India ranks second worldwide in farm outputs. Agriculture employs 42 per cent of India's workforce and contributes 17-18 per cent to the country's GDP.
India is the world’s seventh largest country by land area, and the second most populous country in the world with 1.35 billion inhabitants, 66 per cent of whom still live in rural areas. The rural population is expected to peak around 2030 and then decline.
India ranks as the third biggest economic global power at purchase power parity. The economy is projected to be the fastest growing of all G20 economies. With structural transformation well underway, India’s service sector is the fastest growing part of the economy, contributing 54 per cent of GDP in 2016; industry contributes 30 per cent and agriculture contributes 17 per cent. The long-term prospects for growth are positive, thanks to India’s young population, corresponding low-dependency ratio, healthy savings and investment rates, and increasing integration into the global economy.
Over the last 50 years, India has gone from food aid dependency to becoming a consistent net exporter of food. Food grains and oilseeds still account for almost 80 per cent of crop area, though India has diversified into high value commodities and has become the world's largest producer of milk, pulses, horticulture and livestock as well as the top exporter of shrimp and spices globally. Although most crop yields have at least tripled, they are still relatively low by regional standards. Despite increased area under irrigation, over half of India’s total cropped area and 40 per cent of all crop production are still rainfed and more vulnerable to monsoon variability. Consequently, Indian agriculture is highly vulnerable to climate change. Seasonal water scarcity, rising temperature, more frequent drought risks jeopardize the country’s food security.
Climate change will particularly affect the most vulnerable groups – farmers in rainfed areas, landless labourers and women, whose incomes are likely to reduce by 20-25 per cent (Economic survey 2017/18). Hence, a major challenge for India is to promote the widespread adoption of climate-smart techniques and other adaptation measures that sustain production and productivity, and ensure continued national food and nutritional security.
Although India still has the highest number of poor people in the world, extreme poverty has been substantially reduced. In 2011-12, the overall poverty rate was estimated at 22 per cent, though this figure hides a considerable rural-urban gap (26 per cent vs 14 per cent). Some 80 per cent of 270 million poor people live in rural areas. The rural poor consist of marginal smallholder farmers, the rural landless and many of these will be drawn from scheduled tribes, scheduled castes and other vulnerable groups.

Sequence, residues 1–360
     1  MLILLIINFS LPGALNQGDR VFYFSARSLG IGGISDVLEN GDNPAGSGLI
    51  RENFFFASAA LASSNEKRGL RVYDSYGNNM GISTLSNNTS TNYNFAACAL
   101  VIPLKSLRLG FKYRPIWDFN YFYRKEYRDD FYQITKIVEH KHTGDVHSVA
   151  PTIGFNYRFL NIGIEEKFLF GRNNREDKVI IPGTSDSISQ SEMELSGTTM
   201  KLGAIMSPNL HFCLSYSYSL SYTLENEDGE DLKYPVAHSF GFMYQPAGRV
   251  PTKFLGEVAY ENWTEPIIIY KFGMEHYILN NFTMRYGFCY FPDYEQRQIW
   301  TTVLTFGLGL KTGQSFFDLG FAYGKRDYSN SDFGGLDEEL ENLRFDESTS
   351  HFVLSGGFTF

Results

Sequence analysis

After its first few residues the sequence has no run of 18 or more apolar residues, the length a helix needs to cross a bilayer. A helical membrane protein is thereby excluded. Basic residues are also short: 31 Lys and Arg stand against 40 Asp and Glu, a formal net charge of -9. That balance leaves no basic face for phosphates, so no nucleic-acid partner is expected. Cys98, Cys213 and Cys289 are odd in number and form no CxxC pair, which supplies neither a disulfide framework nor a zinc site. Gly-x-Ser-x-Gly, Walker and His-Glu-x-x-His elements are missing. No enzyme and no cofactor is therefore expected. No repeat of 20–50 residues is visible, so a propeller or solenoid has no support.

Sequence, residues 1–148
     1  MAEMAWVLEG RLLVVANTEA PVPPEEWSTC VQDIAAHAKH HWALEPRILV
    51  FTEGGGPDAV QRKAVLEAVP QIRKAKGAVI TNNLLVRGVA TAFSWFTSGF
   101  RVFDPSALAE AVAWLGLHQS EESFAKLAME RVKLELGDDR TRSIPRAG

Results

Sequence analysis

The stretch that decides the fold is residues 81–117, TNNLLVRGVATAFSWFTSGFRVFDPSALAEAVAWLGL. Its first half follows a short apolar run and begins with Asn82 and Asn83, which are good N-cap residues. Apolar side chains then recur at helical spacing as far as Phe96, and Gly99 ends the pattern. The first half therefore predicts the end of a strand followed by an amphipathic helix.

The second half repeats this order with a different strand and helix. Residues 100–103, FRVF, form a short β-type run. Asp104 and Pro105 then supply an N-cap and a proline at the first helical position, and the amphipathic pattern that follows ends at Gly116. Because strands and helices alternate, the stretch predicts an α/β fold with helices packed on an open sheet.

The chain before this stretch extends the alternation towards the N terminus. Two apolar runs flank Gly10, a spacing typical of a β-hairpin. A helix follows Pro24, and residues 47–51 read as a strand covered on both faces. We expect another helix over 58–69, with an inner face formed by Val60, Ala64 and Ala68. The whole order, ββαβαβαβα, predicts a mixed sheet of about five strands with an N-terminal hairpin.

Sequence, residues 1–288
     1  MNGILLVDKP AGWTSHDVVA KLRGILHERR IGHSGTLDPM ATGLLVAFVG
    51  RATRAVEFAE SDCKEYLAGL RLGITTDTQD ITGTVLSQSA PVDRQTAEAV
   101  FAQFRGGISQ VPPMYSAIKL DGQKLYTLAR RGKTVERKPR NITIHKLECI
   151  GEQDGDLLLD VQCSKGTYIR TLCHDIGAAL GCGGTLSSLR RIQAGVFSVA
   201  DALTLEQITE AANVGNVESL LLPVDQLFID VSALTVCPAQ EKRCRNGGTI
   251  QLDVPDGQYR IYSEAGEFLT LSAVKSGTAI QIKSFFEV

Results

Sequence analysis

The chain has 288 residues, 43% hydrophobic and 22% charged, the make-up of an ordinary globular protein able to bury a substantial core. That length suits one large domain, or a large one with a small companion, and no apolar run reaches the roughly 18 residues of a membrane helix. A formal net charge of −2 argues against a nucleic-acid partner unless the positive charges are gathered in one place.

IFAD has been working in India for more than 30 years. The current country strategic opportunities programme is fully aligned with the government’s policy framework of doubling farmers' incomes in real terms by 2022. During the period 2018-2024, IFAD will support the government's efforts in developing necessary services and producers' organizations to render smallholder food and agricultural production systems remunerative, sustainable and resilient to climate change and price shocks.
IFAD works at the grassroots level, targeting the poorest marginal farmers, women, youth, landless people, tribal communities and scheduled castes. Projects have consistently tackled structural issues such as socio-cultural exclusion, lack of access to natural resources, agricultural land and quality public services, as well as market asymmetry and weak bargaining power of smallholder producers.
Over the years, IFAD and the Government of India have achieved significant results investing in the commercialization of smallholder agriculture and building small farmers’ capacity to increase incomes from market opportunities. These projects facilitate innovative partnerships between farmers and private-sector companies. As a result, farmers are acquiring improved technical packages, achieving higher yields, and obtaining better prices for their produce.
IFAD’s focus is on strengthening people’s ability to manage their own development. Its approach features a fully participatory planning and implementation process, reflecting indigenous knowledge and taking into account participants’ capacities and interests. Through IFAD’s investment in grassroots organizations such as self-help groups, and our support for the federation of such groups over time, rural poor people have gained greater bargaining power for access to services, inputs and markets.
Projects empower women to participate in decision-making and resource allocation in rural communities. Women’s groups such as the Courage Brigades (Shaurya Dal) formed to reduce gender-based violence, change social attitudes and enable women to start up small businesses, have proved their effectiveness. IFAD-supported projects have also provided women with access to financial services, such as by linking women’s self-help groups with commercial banks.
IFAD also works with tribal communities, typically located in the most remote, underdeveloped areas of the country. Projects have helped them better their livelihoods by improving their natural resource management, access to land, agricultural production and vocational skills.
With an annual population growth rate of 1.0 per cent, India is projected to grow to about 1.45 billion people by 2025, making it the world’s most populous country.
More than 296 million people in India still live in poverty, accounting for one-third of the world’s poor.
India’s population is composed of thousands of ethnic and tribal groups, speaking over 1,000 languages and belonging to six major religions.